Wednesday, March 7, 2012

Stealthy QE3

By Scott Silva
Editor,  The Gold Speculator

Today, there are new reports that the Federal Reserve is planning to inject more cash into the ailing economy though another round of Quantitative Easing (QE3). You have read in these pages before that More QE is on the Way (1-23-12, The Gold Speculator).  The new bond-buying program would be “sterilized” by coincident selling of short-term instruments in an effort to control increased inflation that would result from the addition of another $1 Trillion or so to the money supply. This approach is not new; the ECB has used large, “sterilized” bond purchases over the last year in its attempt to stimulate the Eurozone economy and provide bailout funds to ailing European banks.

The Fed bond-buying program would be the third attempt to jumpstart the US economy through aggressive monetary policy. The previous cash injections added $2.3 Trillion to the Fed’s balance sheet. The results of Fed stimulus efforts have been underwhelming. US unemployment has actually increased since QE1 was implemented in 2009 and the larger QE2 in 2010.  Today, the US Labor Department, Bureau of Labor Statistics reports US unemployment at 15.1% (U-6), up from 14.1% in January 2009. And GDP continues to limp along at 1% to 3% since QE2 went into effect.

Milton Friedman instructs us that “Inflation is always and everywhere a monetary phenomenon in the sense that it is and can be produced only by a more rapid increase in the quantity of money than in output.” (The Counter-Revolution in Monetary Theory, 1970). The Fed policy of extended accommodation has increased the money supply (M2 measure) to $9.8 Trillion. M2 includes demand deposits (M1) plus small time deposits, money market funds and the like. M2 is considered money available to the transactional economy. These levels are unprecedented, and we can see supply has increased almost $1 Trillion in the last twelve months.

The Fed reports inflation is modest at 2.0%. But as anyone who buys food or fuel knows, prices for everyday goods have increased by multiples since the Fed first implemented Quantitative Easing.  The problem is the growth of the money supply greatly outstrips the growth in output, the sum of all production of goods and services. When more money chases the same amount of goods, prices rise.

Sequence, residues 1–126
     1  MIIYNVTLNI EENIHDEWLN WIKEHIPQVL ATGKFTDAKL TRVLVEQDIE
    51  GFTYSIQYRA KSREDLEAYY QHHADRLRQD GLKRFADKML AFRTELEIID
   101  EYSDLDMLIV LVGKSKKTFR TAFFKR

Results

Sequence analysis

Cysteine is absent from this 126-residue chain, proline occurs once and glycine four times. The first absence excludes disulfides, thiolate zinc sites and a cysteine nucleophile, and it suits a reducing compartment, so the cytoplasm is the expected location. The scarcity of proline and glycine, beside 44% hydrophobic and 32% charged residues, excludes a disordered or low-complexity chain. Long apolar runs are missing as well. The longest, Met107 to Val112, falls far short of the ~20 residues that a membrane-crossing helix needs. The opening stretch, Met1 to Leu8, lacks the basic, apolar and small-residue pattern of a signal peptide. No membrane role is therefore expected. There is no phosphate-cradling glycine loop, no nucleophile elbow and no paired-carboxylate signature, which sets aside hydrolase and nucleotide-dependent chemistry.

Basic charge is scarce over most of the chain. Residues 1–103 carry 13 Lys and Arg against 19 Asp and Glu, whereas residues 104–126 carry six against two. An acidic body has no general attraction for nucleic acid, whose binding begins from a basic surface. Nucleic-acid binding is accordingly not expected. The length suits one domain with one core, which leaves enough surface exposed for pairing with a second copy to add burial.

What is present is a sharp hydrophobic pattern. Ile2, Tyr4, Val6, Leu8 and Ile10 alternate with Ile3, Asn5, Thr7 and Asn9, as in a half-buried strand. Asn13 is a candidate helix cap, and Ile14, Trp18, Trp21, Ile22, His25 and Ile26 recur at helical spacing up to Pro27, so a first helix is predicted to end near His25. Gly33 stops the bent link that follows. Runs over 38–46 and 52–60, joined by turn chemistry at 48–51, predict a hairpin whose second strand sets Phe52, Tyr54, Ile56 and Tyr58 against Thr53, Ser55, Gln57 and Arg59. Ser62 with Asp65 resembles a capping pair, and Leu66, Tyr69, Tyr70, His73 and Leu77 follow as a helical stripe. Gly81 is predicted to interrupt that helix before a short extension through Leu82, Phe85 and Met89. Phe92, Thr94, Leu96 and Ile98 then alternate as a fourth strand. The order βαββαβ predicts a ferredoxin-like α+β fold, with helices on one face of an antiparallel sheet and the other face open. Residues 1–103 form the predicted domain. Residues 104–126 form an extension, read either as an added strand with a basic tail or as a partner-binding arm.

We can see the rise in prices in the rise in the CRB commodity index. Higher commodity prices, particularly oil-based energy products, dampen economic activity, and slow economic growth. This is another example of Bastiat’s “unseen” effects. The Fed’s policy, in fact all government intervention, is counterproductive to true economic growth. So as more and more poor economic data emerges, it is no wonder that the Fed is now preparing to revert once again to the only tool in its “stimulus” tool bag:  additional Quantitative Easing (QE3).

With every new Dollar the Fed prints, the value of each Dollar in your wallet declines. And the price of any commodity priced in Dollars increases. We can see that dynamic play out in the CRB index, and in particular, the price of oil. Certainly there is a “war” premium priced into oil, as Iran threatens to close the Strait of Hormuz. But the more fundamental reason for high oil prices over the last few years has been the decline of the Dollar. After all, the Iranian threat to oil transportation in the Persian Gulf has only recently resurfaced.

But some say that the US does not rely on imports of Iranian oil. Well, we do feel the effect of the Iranian war premium. Oil is traded in the global market, and oil is fungible. That is, a barrel of oil from Saudi Arabia can be substituted for barrel of similar quality oil from Iran or Venezuela at the same market price. Because the US is a net importer of oil, we pay the global price. Unfortunately we are likely to be a net importer for some decades yet.
We can see the inverse relationship of oil (WTI) to the value of the Dollar in the chart below.

WTI has jumped from $95 bbl to over $110 bbl as the Dollar dipped from 82 to 78. Gasoline prices have jumped in turn, to over $4.00/ gal in some states. Higher energy and transportation costs eventually find their way into the prices of most consumer products, acting as a tax on the consumer. This causes many consumers to pull in their horns and puts a damper on consumer demand which slows economic activity. Higher oil and gasoline prices are additional examples of the unintended consequences of the Fed’s ultra-accommodative monetary policy.

Stealthy QE3 would pump up the stock market, particularly bank stocks. But QE3 would also mean higher prices in general. QE3 would further debase the Dollar and reduce purchasing power. QE3 means more inflation. QE3 means there is more reason to guard against inflation and artificially inflated assets. QE3 means higher gold and silver prices. To the prudent investor, QE3 means buy more gold and silver. The way to preserve wealth is to own and hold sound money.

Investors from around the world benefit from timely market analysis on gold and silver and portfolio recommendations contained in The Gold Speculator investment newsletter, which is based on the principles of free markets, private property, sound money and Austrian School economics.

The question for you to consider is how are you going to protect yourself from the vagaries of the fiat money and economic uncertainty?  We publish The Gold Speculator to help people make better decisions about their money. Our Model Conservative Portfolio has outperformed the DJIA and the S&P 500 by more than 3:1 over the last several years.   Subscribe at our web site  with credit card or PayPal ($300/yr) or by sending your check for $290 ($10 cash discount) The Gold Speculator, 614 Nashua St. #142 Milford, NH 03055

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